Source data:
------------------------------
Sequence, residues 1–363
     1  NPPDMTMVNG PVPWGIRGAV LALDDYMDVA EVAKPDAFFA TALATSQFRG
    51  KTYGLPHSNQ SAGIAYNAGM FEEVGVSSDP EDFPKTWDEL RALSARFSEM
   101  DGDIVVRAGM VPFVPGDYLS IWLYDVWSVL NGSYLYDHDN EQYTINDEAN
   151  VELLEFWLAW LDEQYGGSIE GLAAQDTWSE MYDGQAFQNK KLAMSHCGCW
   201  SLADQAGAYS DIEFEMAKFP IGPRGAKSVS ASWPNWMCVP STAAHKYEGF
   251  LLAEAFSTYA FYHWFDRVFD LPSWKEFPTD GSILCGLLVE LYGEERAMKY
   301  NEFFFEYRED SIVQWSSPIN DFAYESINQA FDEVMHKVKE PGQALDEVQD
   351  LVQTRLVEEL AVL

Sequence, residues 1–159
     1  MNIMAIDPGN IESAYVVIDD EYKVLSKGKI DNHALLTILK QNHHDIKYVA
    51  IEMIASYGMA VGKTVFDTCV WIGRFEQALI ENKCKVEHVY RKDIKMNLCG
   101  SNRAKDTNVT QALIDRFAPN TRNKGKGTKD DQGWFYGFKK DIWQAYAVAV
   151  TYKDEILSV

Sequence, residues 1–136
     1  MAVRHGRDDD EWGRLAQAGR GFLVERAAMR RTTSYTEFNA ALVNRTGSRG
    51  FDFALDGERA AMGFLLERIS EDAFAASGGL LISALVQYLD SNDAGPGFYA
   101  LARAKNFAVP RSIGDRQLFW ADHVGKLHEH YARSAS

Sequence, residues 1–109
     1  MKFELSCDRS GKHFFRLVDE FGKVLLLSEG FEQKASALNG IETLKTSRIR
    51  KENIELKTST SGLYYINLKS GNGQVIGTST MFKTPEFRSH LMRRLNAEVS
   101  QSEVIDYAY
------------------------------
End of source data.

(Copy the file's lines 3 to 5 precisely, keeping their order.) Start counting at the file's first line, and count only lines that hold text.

    51  KTYGLPHSNQ SAGIAYNAGM FEEVGVSSDP EDFPKTWDEL RALSARFSEM
   101  DGDIVVRAGM VPFVPGDYLS IWLYDVWSVL NGSYLYDHDN EQYTINDEAN
   151  VELLEFWLAW LDEQYGGSIE GLAAQDTWSE MYDGQAFQNK KLAMSHCGCW